Dr. Leo Minkan Khoya Divakar Kumar, Prajit mazumdar, Dr Vidyapati, Malyaban Das, DR Chandramani kumar


Background: Cirrhosis is the end result of chronic liver injury from a variety of causes. It is well recognized in many studies that complicated chronic liver disease is accompanied by hyponatremia. Hyponatremia is a common abnormal finding in approximately 57% of hospitalized patients with chronic liver disease and in 40% of out patients with liver disease.

Aim of work: The purpose of the present work is to study the association between serum sodium level and the severity of complications in liver cirrhosis

Subjects and Methods: Sixty patients with complicated chronic liver disease and 40 patients with uncomplicated chronic liver disease were randomly selected from Internal Medicine department . . Complications included ascites, hepatic encephalopathy, spontaneous bacterial peritonitis,hepatorenal syndrome, esophageal and gastric varices, were classified based on severity. Patients with hepatocellular carcinoma, any other malignancy or other major organ failure presented at admission and during the follow up, also patients taking antiviral drugs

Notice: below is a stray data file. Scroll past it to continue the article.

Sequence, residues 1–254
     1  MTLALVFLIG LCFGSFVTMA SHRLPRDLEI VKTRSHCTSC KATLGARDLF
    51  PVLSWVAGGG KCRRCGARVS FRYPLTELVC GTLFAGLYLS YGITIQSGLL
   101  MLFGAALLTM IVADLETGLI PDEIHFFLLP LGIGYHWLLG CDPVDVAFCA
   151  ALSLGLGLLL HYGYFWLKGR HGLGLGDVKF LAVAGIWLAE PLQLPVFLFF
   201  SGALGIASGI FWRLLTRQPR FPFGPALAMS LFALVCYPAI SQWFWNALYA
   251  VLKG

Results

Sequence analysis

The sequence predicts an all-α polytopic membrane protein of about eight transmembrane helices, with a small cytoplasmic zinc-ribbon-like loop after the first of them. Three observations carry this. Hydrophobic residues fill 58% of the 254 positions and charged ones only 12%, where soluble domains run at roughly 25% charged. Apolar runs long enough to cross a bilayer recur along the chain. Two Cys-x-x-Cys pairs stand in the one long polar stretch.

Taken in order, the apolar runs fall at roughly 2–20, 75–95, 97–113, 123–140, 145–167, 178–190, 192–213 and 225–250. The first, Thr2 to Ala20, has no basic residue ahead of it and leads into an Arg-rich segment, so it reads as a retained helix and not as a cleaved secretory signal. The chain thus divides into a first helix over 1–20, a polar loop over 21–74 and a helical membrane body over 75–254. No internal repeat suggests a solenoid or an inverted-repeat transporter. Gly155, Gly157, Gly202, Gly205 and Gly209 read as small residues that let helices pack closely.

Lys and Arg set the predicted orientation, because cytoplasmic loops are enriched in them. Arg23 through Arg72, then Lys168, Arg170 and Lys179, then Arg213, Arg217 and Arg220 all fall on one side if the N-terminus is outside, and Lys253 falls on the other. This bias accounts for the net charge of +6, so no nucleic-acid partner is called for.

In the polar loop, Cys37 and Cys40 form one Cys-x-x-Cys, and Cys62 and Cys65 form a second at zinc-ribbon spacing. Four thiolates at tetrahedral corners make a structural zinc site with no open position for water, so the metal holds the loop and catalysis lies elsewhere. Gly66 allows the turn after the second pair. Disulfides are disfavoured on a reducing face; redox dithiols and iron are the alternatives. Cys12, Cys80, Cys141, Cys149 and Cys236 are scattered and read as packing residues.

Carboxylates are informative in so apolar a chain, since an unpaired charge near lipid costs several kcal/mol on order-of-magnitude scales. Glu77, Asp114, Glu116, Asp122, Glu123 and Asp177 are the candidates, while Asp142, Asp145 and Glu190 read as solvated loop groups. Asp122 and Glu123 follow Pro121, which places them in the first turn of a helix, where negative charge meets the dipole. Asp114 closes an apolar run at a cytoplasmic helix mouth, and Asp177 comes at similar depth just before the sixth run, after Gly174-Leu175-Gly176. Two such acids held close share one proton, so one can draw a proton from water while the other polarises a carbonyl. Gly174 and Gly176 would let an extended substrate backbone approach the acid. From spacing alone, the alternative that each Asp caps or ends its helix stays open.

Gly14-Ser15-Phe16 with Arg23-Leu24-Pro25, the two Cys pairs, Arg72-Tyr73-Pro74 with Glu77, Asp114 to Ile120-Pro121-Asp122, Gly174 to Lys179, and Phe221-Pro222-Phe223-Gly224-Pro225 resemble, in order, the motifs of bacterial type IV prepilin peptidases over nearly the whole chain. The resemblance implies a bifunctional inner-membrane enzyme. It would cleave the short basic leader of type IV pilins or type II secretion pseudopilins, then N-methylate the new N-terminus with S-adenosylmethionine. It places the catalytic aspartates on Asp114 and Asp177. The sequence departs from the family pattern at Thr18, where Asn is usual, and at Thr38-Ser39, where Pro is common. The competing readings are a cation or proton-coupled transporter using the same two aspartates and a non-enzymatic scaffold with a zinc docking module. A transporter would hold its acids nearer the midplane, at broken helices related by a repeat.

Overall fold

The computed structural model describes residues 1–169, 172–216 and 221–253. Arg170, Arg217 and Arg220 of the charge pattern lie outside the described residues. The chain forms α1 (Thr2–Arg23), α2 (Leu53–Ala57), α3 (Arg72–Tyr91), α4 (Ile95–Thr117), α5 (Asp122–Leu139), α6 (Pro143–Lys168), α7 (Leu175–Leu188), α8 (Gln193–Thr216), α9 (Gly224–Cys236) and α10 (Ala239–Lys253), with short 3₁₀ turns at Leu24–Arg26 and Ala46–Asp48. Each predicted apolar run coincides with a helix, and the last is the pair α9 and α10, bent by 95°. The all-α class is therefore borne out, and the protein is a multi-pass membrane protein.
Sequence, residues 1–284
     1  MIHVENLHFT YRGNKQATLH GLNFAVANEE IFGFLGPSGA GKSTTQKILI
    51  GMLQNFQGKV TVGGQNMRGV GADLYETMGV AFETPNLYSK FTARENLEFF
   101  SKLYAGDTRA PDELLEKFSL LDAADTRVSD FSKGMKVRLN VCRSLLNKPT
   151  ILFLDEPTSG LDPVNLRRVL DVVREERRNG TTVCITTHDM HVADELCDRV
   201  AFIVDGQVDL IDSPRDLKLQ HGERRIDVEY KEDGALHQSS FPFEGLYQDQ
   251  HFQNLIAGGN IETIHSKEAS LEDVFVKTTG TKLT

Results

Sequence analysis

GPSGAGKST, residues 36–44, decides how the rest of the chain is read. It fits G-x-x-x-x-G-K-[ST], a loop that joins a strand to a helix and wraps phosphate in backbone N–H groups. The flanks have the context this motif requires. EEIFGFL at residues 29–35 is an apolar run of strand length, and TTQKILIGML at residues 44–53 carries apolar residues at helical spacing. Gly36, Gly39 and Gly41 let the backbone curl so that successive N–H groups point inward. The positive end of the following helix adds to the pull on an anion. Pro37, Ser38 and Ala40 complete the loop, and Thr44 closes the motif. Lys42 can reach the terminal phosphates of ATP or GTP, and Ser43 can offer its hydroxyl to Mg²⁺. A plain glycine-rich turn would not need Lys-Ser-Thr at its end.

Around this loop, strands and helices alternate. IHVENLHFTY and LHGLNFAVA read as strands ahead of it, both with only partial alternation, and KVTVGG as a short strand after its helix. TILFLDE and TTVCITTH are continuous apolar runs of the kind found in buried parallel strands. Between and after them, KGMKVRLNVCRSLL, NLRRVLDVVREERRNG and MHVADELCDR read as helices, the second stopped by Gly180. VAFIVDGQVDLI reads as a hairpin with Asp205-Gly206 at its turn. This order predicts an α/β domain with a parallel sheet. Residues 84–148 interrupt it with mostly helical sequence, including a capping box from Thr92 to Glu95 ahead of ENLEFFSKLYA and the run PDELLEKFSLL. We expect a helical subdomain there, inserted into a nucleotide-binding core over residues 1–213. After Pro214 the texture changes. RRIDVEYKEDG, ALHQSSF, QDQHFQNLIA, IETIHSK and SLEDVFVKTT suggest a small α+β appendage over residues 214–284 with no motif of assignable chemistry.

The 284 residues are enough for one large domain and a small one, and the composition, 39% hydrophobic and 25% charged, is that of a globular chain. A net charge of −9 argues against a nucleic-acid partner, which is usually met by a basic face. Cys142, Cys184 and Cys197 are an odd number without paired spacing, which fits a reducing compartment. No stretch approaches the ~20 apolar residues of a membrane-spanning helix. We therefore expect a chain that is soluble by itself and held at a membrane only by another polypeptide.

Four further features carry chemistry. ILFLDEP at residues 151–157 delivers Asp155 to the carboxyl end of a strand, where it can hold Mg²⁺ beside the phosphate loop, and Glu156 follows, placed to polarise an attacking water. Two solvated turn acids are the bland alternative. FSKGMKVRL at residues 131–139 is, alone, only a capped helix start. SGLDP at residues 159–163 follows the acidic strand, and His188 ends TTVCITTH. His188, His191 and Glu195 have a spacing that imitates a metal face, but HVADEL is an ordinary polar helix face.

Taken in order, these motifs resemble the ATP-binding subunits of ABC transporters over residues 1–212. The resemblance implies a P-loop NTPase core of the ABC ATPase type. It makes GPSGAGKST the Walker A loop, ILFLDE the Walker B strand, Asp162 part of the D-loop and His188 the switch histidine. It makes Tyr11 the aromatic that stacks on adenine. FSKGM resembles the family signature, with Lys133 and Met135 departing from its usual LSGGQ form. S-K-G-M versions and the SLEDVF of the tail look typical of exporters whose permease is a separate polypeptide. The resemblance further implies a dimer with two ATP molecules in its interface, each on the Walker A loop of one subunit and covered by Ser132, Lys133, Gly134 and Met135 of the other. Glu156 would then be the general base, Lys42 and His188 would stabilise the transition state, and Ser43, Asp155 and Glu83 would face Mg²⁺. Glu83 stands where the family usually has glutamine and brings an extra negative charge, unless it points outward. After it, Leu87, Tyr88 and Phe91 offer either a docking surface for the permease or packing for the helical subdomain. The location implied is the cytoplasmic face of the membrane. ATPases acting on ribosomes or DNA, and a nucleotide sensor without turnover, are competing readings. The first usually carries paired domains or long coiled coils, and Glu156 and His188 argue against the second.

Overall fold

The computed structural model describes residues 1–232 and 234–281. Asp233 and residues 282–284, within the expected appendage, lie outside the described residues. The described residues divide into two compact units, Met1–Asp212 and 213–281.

were excluded .

Observation: Out of 100 patients of chronic liver disease , 60 patients had complications  like Spontaneous bacterial peritonitis, hepatorenal syndrome, hepatic encephalopathy or hepatic encephalopathy. The decrease in serum sodium level strongly correlated with hepatic encephalopathy, ascites , hepatorenal syndrome and SBP (p value <0.05). However, there was no correlation between serum sodium levels with varix .

Conclusion: Hence, we could conclude from our study  that Hyponatremia, especially serum sodium levels <125 mmol/ was associated with severe complications like ascites, HRS, SBP and hepatic encephalopathy.


Ascites, Hepatorenal syndrome, Hyponatremia, Spontaneous bacterial peritonitis, Varix

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